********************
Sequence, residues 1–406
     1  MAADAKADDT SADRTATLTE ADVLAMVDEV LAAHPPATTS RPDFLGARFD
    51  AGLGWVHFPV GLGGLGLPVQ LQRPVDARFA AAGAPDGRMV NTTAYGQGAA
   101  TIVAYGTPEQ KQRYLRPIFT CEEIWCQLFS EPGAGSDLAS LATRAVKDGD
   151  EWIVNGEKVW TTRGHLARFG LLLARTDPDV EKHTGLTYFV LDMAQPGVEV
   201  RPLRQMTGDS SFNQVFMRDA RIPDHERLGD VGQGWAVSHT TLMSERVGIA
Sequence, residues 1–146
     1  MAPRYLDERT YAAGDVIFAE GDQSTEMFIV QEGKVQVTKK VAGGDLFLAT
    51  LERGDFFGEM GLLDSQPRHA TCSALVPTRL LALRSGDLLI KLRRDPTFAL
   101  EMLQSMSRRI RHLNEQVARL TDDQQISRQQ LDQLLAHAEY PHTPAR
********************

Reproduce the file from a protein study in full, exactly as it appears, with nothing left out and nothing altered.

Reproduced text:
Sequence, residues 1–406
     1  MAADAKADDT SADRTATLTE ADVLAMVDEV LAAHPPATTS RPDFLGARFD
    51  AGLGWVHFPV GLGGLGLPVQ LQRPVDARFA AAGAPDGRMV NTTAYGQGAA
   101  TIVAYGTPEQ KQRYLRPIFT CEEIWCQLFS EPGAGSDLAS LATRAVKDGD
   151  EWIVNGEKVW TTRGHLARFG LLLARTDPDV EKHTGLTYFV LDMAQPGVEV
   201  RPLRQMTGDS SFNQVFMRDA RIPDHERLGD VGQGWAVSHT TLMSERVGIA
Sequence, residues 1–146
     1  MAPRYLDERT YAAGDVIFAE GDQSTEMFIV QEGKVQVTKK VAGGDLFLAT
    51  LERGDFFGEM GLLDSQPRHA TCSALVPTRL LALRSGDLLI KLRRDPTFAL
   101  EMLQSMSRRI RHLNEQVARL TDDQQISRQQ LDQLLAHAEY PHTPAR